That’s typically the case with these enablement packages – they are relatively minor updates, and sharing the same code base, can be preloaded in this way. This is certainly what we’ve seen with Windows 10 upgrades delivered via the enablement route.


Analysis: Copilot not cleared for take-off in 2023?

Shouldn’t we expect all that much from the next Windows 11 update, then? That’s certainly the strong hint imparted by this announcement from Microsoft (which confirms speculation previously buzzing around the rumor mill).

But, you might be thinking, isn’t there a lot of stuff coming with Windows 11 23H2? Well, maybe not so much, if this latest move is any indication. True, we are expecting a big File Explorer revamp, and there’s something else rumored in the way of a major move: the introduction of Microsoft’s Copilot AI.

This certainly makes us think that maybe Copilot won’t be turning up ready to assist you on the desktop in 23H2. The rumor mill has indicated the AI is supposedly inbound with 23H2, but we’ve always been skeptical about that. Especially looking at the early working version of Copilot currently in testing, which is very basic indeed (and hardly does anything with the Windows environment – it’s more or less just a glorified integrated Bing chatbot in a side-panel on the desktop, at this point).

This enablement news, for us, is a strong indication Copilot won’t be coming with Windows 11 23H2. And really, it makes sense for Microsoft to take more time over the AI assistant – to ensure that Copilot is done right.

After all, first impressions very much count, and if Copilot gets branded as ‘another Cortana’ (or worse yet, Clippy), getting off on the wrong foot in this way could be very difficult for Microsoft to recover from.

Really, we believe it would be foolish for Microsoft to rush out Copilot in 23H2, and indeed, it makes perfect sense to keep it as a ’game-changing’ new feature for Windows 12 (or whatever next-gen Windows ends up being called in 2024).

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Apple rumored to be announcing major Siri updates at WWDC 2023

Apple's Worldwide Developers Conference for this year – WWDC 2023 – gets underway tomorrow, June 5. We've already heard plenty of rumors about what to expect, and it would seem that Apple's digital assistant Siri is in line for some major updates too.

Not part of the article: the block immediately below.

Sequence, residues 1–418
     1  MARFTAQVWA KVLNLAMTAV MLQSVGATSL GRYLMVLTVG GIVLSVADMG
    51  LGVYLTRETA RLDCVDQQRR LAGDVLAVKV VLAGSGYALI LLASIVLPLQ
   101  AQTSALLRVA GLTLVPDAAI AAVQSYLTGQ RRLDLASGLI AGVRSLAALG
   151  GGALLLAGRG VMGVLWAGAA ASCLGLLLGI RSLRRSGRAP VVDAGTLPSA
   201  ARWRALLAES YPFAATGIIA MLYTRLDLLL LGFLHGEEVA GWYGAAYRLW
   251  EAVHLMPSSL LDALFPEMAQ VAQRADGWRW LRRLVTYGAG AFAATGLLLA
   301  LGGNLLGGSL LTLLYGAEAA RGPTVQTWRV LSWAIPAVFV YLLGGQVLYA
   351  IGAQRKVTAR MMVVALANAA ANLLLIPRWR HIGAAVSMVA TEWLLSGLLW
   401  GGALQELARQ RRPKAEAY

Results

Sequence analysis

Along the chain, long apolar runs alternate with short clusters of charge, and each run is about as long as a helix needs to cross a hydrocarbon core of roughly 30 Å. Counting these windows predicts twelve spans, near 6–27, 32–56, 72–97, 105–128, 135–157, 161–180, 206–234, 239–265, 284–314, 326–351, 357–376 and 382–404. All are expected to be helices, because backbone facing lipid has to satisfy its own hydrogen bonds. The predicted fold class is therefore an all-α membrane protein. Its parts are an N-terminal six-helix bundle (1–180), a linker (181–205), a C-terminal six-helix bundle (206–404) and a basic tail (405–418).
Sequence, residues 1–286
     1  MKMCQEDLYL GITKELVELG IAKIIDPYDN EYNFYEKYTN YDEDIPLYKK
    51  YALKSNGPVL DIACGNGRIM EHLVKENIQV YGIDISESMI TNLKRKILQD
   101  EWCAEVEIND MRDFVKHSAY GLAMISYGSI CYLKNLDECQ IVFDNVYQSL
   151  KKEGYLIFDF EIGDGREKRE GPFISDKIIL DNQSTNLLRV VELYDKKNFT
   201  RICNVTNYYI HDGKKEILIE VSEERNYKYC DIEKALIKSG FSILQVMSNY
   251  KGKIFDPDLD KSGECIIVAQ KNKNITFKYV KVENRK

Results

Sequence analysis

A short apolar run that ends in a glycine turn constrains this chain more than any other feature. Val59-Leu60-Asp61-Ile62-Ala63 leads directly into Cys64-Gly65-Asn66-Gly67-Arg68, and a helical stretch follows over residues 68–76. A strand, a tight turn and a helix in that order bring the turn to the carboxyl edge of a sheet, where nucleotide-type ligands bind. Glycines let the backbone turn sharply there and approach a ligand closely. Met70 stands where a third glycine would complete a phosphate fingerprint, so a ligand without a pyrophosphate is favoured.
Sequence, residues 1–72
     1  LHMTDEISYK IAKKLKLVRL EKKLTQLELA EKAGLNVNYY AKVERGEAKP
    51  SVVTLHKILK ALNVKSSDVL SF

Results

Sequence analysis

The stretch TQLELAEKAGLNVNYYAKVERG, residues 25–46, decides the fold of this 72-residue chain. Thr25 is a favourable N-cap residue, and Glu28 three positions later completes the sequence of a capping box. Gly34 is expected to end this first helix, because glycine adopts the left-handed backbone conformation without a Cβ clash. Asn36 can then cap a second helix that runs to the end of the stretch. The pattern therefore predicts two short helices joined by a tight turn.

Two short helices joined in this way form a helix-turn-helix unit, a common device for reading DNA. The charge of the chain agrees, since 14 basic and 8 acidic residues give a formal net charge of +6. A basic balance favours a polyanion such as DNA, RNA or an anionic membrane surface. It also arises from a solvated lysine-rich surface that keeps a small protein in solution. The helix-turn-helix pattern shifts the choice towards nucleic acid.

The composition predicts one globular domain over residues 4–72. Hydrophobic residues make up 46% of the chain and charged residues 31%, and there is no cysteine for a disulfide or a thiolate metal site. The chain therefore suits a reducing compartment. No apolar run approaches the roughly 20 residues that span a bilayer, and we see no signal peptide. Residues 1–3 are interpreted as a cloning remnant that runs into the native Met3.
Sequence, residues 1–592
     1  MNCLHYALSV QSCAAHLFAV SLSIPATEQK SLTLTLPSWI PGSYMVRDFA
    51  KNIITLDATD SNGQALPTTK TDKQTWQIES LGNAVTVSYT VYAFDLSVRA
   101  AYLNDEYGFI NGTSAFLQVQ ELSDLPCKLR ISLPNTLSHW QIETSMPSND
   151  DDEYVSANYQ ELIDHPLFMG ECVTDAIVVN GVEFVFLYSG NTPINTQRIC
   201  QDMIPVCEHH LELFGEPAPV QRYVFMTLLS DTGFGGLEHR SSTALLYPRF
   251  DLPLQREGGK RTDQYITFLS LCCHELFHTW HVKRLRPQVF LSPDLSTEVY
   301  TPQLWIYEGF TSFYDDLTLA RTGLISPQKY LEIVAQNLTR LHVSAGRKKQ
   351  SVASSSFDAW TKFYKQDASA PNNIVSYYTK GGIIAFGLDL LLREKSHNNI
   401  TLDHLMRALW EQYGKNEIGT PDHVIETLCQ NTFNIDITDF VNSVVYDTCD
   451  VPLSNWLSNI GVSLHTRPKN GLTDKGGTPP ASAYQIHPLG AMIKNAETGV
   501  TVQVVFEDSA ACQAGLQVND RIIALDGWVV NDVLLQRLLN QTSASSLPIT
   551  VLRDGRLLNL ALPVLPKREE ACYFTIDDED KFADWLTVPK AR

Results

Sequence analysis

According to well-known Apple tipster Mark Gurman (via MacRumors), there's a possibility that Apple will announce that the “hey Siri” phrase used to trigger Siri on iPhones and other devices is being shortened to simply “Siri”.

While this might not sound major from a user perspective, it has apparently required a significant amount of engineering work: accurately recognizing a single word rather than two words is a lot trickier, and Apple's AI engines have been updated to cope.

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Listen up

Gurman first suggested this update was on the way back in November, though at the time it wasn't clear exactly when “hey Siri” would become simply “Siri”. Deeper Siri integrations with third-party apps and a better understanding of context have also been rumored.

At the moment, Google Assistant still requires a “hey Google” wake up command, though you can disable it for certain quick commands, and there has been talk of further changes here. As for Amazon Alexa, just an “Alexa” command is enough to get started.

We're expecting a whole host of software and hardware announcements at WWDC 2023 this year, including all the news about iOS 17 and a big reveal for the Apple VR headset – and of course you'll be able to read all about it here on TechRadar.


Analysis: expect yet more AI

Amidst the flurry of generative AI updates we've had in recent months, it's easy to forget that digital assistants like Siri have been around for many years now, with AI models leveraged to recognize and interpret voice commands from users.

At Google I/O 2023, Google seemed keen to remind everyone that it has a lot of artificial intelligence tools to show off, and the company has since been busy pushing more AI into more of its products – such as Google Messages.

We can probably expect the same from Apple at WWDC 2023: a look back at the AI that it's already been using, and a look forward to new innovations on the way. Siri, based on tech Apple acquired in 2010, is likely to play a big part in those new innovations.

AI is a hot topic at the moment, and we know that Apple isn't going to want to miss out or fall behind, whether that's with Siri or any of its other software: Google, OpenAI, Microsoft and others have set the pace, and Apple needs to catch up.

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Adobe rival launches major update update to creative suite